China media: Pollution woes
Persistent smog in China and the ongoing political chaos in Ukraine are dominating press headlines on Monday.
Papers are prominently reporting the heavy smog that has shrouded parts of China, while appealing to individuals to help fight the pollution.
Beijing raised its air pollution alert to orange, the second highest of the four-tiered system, on Friday. The authorities have also initiated an emergency response to stop construction work as well as prohibiting open-air barbecues in the city.
The Xinhua news agency reports that teams have been sent to regions worst hit by the pollution to inspect major polluting industries such as steel, coal chemicals, glass and cement, and to check construction sites.
The Global Times notes that these regions are still choking from smog and asks if the emergency actions are taken "in vain".
"When the emergency plan is activated, it means the pollution has hit a certain level, and the relief measures can only stop the situation from worsening," Ma Jun, director of the Beijing-based Institute of Public and Environmental Affairs, tells the daily.
The China Daily urges people to help the government in curbing pollution.
"Many seem to believe that pollution control has nothing to do with them and is something that only the government can deal with… they wear masks and use air purifiers, but never consider driving their car less or not setting off fireworks during festivals or finding ways of leading a lower-carbon lifestyle," it says.
The Beijing Times gives suggestions on how to survive the smog, while the Beijing News reports that patients flocked in droves to the hospitals, but a third of them with only mild symptoms did so "out of 'smog-fear'".
In international news, papers are covering Ukrainian parliament speaker Oleksandr Turchynov's appointment as interim leader following the dismissal of President Viktor Yanukovych on Saturday.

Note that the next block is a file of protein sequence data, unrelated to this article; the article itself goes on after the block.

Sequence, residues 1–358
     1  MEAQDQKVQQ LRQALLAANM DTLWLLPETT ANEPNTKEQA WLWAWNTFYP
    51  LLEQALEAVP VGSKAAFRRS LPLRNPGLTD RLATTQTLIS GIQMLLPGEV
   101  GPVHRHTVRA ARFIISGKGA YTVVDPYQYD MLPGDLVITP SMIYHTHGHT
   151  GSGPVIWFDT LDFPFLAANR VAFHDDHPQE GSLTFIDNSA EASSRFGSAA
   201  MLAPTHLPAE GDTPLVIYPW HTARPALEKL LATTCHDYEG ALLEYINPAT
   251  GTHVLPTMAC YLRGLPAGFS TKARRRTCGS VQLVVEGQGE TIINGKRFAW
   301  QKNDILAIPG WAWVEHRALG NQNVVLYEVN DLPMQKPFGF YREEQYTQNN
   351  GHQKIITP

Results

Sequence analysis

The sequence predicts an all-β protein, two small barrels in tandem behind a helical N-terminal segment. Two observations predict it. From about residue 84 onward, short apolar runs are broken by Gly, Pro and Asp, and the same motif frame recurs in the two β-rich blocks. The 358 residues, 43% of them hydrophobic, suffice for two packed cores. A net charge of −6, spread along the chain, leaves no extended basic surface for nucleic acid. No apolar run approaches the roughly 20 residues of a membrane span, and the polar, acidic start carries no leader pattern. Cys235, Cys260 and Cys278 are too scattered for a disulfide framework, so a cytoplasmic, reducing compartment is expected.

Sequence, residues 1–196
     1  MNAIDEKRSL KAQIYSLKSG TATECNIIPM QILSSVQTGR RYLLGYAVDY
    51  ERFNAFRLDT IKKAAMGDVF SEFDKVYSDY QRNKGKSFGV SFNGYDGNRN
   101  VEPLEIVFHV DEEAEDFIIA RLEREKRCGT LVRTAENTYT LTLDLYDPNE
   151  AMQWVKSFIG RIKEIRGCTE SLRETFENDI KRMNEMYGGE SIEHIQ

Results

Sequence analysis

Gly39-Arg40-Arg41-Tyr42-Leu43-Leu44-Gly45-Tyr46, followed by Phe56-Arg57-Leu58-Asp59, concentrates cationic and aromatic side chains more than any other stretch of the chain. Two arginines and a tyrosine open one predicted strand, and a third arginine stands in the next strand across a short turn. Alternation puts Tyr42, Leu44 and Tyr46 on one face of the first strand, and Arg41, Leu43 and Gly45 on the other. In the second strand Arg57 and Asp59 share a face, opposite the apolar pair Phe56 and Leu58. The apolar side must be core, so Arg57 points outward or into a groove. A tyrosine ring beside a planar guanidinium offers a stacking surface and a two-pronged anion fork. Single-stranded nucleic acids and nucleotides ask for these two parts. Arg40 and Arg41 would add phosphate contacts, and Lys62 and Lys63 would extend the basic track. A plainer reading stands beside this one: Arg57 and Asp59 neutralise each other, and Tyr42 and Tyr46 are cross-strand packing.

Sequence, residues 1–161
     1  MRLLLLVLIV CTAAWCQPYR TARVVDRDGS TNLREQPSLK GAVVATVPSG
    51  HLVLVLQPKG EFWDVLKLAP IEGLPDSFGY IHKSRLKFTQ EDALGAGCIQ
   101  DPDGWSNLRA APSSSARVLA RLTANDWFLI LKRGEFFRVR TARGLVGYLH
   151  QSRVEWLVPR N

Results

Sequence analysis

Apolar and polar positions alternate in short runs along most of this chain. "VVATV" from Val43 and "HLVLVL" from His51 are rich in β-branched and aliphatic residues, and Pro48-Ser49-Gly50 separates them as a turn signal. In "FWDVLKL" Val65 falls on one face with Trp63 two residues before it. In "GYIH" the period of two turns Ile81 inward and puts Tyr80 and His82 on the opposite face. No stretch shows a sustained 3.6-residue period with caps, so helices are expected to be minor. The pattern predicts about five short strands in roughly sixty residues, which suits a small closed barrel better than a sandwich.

A commentary in the Beijing Times says it remains a question "whether different factions are able to put their self-interests aside and focus on stability and development of the country", as two opposing forces, one supporting Russia and the other with pro-Europe inclinations, still exist in the country.
"Judging from the current roller-coaster style of the political situation, it is a long road to go from 'huge chaos' to 'great order', " it adds.
Echoing similar views, the Global Times says "countries, in particular large or medium-sized ones with huge populations, should learn how to carry out real reform".
Noting the division in Ukraine, the Beijing News instead suggests that the country needs a "third way" to end the political stalemate.
Yang Cheng, an expert on Russian affairs from East-China Normal University, says "granting Ukraine a neutral status" and a "push for wide-scale international aid" would be an ideal situation.
"Ukraine has to find a third path, a detached power [that would rise above the opposing forces], otherwise the turmoil will keep on repeating."
Elsewhere, media are reporting that China's moon rover Jade Rabbit or Yutu is experiencing "uneasy rest" again as the "mechanical issues that might cripple the vehicle are still unresolved".
Xinhua news agency says the rover entered its "third planned dormancy" on Saturday and is expected to stay in a power-off mode.
The moon rover first ran into trouble after experiencing a "mechanical control abnormality" on 25 January, before it entered its scheduled dormancy period.
And finally, quirky names such as "bun store" could no longer be used to buy a train ticket online from 1 March.
Known as 12306 website, the online ticket booking portal will require identity verification procedure before a purchase is made, the Southern Metropolis Daily reports.
The measures have been taken to prevent scalpers who buy tickets in bulk and sell them at a higher price, the paper explains.